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Holbrook Statement on Recent Cuba Developments

Apr 25, 2019 | | by Andrea Holbrook

On April 17, the Trump administration announced a series of measures aimed at further restricting travel and trade between the United States and Cuba. This is the second round of actions from his administration that reflect a rolling back of the path to normalization that former President Obama enacted during his administration. 

The newly announced measures will cap remittances, allow U.S. entities to take legal action against foreign investors in Cuba under Title III of the Helms-Burton Act, and add five more Cuban entities to the list of companies with which U.S. citizens cannot engage in direct financial transactions. In addition to these policy changes, there was a broad statement about restricting travel to Cuba to limit “veiled tourism." 

Holbrook has been working in Cuba since the year 2000 and has been through many changes regarding U.S. policy and travel regulations to Cuba. While the announcements were not encouraging regarding normalization, there are several reasons to remain calm and to continue promoting existing programs as well as planning new programs:

  1. Policy changes regarding travel to Cuba are published by the U.S. Department of Treasury’s Office of Foreign Assets Control (OFAC). It typically takes 6-9 months to publish detailed guidelines. Before those are published, existing rules and regulations remain in effect.

  1. During the first round of policy changes by the Trump administration in 2017, the changes explicitly allowed for the continuation of any plans that were currently in progress. This was done in order to minimize any economic impact on the public and allow for a transition for any travel that no longer complied with the new regulations.

  1. Previous Trump administration changes to the travel regulations were widely thought to have dramatically limited travel to Cuba when, in fact, for group travel under the People-to-People/Educational Travel license category, very little changed. For faculty-led short courses, also, there were no material changes. With so much confusion over the years, it is easy for travelers to overestimate the impact.

  1. Travel to Cuba remains very safe. The U.S. Department of State's Travel Advisory to Cuba was adjusted in 2018 to a Level 2, or “exercise increased caution."

  1. Holbrook is confident that policy regulations will not impact travelers financially in the short or long term. For this reason, Holbrook is implementing a “Cuba policy-change guarantee.” Holbrook is willing to provide a financial guarantee for any booked or new group given the circumstances: If travel restrictions were enacted without a transition period and that directly impacted any group that was booked – Holbrook would agree to special terms and conditions as follows:

  • Land services would be fully refundable to any booked participant up to the time of travel.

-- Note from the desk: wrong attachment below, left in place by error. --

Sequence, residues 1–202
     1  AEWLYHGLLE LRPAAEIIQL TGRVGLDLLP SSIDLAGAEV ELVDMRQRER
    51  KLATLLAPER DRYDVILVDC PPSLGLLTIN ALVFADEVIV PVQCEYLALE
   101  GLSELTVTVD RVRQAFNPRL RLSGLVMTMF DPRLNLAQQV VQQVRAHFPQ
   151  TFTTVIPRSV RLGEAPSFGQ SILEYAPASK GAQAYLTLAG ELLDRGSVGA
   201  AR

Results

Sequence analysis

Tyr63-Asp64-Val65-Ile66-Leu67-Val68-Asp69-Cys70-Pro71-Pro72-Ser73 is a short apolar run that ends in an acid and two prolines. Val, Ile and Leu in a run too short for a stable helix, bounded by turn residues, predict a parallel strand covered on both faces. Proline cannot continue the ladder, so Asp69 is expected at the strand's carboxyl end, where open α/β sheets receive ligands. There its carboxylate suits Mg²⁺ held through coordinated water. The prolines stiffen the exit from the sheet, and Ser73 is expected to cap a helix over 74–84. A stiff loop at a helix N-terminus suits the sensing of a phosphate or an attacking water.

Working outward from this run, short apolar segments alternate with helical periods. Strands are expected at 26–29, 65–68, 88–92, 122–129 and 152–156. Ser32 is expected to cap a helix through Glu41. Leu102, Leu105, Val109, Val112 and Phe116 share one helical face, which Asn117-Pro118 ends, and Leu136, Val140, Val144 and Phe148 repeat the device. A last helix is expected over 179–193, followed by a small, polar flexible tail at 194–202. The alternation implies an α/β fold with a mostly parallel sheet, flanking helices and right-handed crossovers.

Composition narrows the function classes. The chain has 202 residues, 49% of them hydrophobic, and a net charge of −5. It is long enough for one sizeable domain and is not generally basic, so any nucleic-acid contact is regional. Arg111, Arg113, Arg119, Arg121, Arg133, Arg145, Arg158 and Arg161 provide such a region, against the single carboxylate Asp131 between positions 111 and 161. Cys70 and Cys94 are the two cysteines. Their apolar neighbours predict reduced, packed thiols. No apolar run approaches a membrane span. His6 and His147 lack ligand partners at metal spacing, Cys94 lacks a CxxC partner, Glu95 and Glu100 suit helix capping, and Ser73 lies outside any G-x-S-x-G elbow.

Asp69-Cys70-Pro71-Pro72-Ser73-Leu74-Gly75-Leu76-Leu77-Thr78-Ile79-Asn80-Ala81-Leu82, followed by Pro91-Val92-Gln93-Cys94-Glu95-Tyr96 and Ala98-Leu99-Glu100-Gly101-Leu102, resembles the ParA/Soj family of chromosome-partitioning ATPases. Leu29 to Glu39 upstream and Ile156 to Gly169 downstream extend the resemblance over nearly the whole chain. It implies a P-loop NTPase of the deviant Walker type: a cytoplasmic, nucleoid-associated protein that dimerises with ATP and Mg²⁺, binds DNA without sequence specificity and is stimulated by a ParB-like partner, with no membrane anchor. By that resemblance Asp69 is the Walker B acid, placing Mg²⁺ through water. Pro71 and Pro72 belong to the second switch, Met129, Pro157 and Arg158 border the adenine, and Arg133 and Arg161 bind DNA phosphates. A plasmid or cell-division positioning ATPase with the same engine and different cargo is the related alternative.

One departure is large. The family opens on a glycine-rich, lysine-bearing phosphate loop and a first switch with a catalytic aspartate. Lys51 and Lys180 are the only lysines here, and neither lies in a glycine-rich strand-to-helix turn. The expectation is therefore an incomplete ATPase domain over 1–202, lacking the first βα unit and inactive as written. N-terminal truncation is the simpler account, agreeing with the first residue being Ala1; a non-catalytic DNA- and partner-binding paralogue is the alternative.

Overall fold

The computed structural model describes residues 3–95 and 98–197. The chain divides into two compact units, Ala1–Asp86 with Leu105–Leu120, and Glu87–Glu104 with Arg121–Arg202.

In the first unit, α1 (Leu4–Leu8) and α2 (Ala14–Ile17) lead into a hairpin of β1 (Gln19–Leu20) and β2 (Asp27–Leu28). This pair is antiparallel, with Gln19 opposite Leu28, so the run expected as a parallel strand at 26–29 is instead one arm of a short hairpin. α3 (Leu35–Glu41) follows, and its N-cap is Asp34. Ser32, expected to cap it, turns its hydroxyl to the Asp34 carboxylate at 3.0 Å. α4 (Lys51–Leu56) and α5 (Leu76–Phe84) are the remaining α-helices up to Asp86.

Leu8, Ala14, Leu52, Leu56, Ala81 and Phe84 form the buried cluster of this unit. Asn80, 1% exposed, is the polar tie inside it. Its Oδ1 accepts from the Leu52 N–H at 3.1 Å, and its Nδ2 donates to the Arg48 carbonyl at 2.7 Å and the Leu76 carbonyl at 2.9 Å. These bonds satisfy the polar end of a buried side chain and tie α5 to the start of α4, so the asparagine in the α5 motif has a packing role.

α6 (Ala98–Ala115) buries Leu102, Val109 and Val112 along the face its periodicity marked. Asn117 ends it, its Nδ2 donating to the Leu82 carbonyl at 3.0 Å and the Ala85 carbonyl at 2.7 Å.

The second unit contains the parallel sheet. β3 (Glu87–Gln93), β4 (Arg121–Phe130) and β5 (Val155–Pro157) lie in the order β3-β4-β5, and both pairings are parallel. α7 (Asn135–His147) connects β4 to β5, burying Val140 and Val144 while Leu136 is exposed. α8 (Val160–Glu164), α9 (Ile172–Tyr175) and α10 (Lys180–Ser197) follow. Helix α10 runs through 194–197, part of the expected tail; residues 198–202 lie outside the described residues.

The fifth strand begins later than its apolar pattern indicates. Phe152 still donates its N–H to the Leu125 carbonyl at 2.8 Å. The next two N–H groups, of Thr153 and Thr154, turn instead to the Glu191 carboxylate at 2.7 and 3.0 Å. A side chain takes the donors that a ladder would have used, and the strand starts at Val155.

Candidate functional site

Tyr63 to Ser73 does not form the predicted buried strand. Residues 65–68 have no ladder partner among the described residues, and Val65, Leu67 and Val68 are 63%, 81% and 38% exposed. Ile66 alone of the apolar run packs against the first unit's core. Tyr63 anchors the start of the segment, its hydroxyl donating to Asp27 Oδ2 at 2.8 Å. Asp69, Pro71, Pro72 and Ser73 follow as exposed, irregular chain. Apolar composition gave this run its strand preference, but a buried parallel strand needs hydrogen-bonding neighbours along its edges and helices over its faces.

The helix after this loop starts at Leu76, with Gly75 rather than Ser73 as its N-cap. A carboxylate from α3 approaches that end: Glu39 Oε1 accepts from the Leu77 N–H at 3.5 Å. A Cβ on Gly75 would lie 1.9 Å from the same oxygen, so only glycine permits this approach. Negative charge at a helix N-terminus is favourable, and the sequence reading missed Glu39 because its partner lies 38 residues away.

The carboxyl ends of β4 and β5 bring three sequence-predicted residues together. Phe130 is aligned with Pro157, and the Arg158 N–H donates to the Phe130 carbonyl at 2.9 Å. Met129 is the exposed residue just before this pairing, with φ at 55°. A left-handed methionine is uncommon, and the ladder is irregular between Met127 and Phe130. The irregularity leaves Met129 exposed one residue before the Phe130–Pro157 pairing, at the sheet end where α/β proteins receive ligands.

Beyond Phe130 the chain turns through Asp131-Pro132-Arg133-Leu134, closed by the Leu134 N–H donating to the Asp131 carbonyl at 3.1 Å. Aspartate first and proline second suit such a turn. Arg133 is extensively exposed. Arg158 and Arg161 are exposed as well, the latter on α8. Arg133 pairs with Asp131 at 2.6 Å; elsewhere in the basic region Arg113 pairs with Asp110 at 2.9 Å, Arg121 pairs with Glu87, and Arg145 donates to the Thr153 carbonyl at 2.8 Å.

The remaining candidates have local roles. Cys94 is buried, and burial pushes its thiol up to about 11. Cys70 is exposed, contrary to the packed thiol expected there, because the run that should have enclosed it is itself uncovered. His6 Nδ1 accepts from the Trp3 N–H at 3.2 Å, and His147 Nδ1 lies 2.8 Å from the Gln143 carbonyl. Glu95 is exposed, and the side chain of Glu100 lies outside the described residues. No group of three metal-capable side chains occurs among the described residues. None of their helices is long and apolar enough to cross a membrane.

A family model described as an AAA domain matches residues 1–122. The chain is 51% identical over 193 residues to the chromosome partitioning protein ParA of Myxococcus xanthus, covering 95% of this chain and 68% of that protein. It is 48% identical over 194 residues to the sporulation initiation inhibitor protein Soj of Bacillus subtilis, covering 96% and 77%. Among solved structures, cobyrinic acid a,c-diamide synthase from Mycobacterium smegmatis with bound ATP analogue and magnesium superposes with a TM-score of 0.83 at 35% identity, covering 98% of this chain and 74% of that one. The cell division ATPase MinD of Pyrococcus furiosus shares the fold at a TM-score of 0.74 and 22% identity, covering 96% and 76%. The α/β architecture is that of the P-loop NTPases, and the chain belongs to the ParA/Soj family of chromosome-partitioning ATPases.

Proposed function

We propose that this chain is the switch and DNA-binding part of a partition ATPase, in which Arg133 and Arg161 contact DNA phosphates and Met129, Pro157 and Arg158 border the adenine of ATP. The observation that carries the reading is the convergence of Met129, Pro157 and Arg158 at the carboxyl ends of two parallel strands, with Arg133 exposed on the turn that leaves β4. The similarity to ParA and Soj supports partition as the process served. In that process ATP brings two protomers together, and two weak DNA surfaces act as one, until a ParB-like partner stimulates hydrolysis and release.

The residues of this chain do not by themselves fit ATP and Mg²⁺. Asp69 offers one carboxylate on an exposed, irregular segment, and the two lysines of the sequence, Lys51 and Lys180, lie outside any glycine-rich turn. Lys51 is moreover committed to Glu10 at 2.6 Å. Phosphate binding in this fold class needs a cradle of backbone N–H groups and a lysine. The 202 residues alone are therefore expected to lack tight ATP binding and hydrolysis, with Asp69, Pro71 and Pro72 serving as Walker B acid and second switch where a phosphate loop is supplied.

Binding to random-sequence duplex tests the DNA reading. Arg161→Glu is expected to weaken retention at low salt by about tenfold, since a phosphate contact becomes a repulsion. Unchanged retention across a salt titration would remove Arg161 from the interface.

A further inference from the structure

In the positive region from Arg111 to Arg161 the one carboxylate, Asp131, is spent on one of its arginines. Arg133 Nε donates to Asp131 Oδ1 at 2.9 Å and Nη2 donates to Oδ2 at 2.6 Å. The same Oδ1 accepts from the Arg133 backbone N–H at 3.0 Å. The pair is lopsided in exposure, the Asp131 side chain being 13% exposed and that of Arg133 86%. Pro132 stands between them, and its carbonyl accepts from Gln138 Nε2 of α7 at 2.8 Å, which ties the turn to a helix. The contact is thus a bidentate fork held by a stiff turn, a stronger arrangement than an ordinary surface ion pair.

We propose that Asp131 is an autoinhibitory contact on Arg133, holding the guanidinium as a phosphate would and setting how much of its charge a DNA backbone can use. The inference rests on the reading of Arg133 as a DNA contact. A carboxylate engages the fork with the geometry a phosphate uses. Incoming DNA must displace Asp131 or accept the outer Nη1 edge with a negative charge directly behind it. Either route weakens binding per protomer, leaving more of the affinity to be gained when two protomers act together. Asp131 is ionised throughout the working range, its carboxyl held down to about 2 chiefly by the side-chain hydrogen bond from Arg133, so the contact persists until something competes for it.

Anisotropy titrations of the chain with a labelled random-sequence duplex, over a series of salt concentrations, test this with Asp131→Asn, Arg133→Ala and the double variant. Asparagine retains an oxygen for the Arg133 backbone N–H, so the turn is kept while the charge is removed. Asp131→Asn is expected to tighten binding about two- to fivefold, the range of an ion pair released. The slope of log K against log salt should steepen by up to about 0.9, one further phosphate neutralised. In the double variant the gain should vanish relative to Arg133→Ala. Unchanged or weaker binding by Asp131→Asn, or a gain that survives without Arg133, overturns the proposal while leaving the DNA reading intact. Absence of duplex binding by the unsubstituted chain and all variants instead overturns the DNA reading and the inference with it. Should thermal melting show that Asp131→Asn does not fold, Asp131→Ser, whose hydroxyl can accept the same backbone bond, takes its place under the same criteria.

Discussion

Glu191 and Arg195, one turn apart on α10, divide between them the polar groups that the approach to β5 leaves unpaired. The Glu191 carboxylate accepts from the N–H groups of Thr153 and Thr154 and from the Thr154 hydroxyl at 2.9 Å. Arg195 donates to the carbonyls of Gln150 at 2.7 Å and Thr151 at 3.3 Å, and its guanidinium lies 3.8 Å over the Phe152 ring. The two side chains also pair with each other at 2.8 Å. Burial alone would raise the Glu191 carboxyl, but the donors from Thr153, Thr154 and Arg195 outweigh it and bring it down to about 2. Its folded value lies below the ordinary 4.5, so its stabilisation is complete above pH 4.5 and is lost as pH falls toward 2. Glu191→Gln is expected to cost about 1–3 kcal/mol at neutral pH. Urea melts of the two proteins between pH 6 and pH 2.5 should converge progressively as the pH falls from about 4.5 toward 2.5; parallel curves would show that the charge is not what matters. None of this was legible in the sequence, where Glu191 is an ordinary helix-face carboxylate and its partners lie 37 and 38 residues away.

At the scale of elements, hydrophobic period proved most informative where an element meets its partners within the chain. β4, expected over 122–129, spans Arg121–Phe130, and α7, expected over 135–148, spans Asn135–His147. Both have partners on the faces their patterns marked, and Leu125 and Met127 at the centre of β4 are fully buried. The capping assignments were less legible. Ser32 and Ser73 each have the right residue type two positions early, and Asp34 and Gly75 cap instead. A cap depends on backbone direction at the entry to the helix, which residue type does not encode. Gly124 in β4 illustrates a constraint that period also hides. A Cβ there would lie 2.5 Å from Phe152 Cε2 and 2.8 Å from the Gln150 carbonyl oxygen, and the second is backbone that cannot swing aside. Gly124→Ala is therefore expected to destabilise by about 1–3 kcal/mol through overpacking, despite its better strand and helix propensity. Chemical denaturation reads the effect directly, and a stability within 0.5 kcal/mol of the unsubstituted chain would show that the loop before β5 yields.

• Air services – any penalties associated with ticket cancellation (typically between $200-$300 per person) would be refunded by Holbrook.

Holbrook strongly urges our institutions, leaders and participants to take a measured approach regarding travel to Cuba. For any trip planning that is in progress, it is Holbrook’s operating assumption that any policy changes will not affect travel plans that have already been booked per the previous policy changes. Nor should this inhibit future plans for travel under the 12 authorized categories, since there is no risk associated with planning and yet having a contingency.   

The above would only be applicable vis-à-vis the Trump administration policies once fully implemented, assuming they directly impacted a trip that was planned.

For the Holbrook staff and, we believe, for the many institutions, leaders, and individuals who have traveled with Holbrook to Cuba, the announcements were deeply disappointing. We firmly believe that normalization of relations is the best path for the US and Cuba. We have been in regular communication with our counterparts in Cuba—operations staff, naturalists, artists, guides, drivers, scientists, conservation staff, casa particular and paladar owners, and more—and they reflect one of the best reasons to remain steadfast in our desire to share Cuba: the amazing ecosystems and its people.  

Below is an excerpt from a letter from Dr. Hiram González, ornithologist and good friend to Holbrook and many in our birding community.

“As you have seen, our people are hospitable, peaceful and hardworking and depend on private businesses and tourism. Those who have a taxi, a paladar, are artists or scientists, or work for tourism like us, are we not part of the Cuban people? I am very worried about the future that is approaching us with so much irrational hatred because I have already lived a lot, but my children, grandchildren and young Cubans do not deserve that.”

Hiram Gonzalez Alonso, April 18, 2019

 

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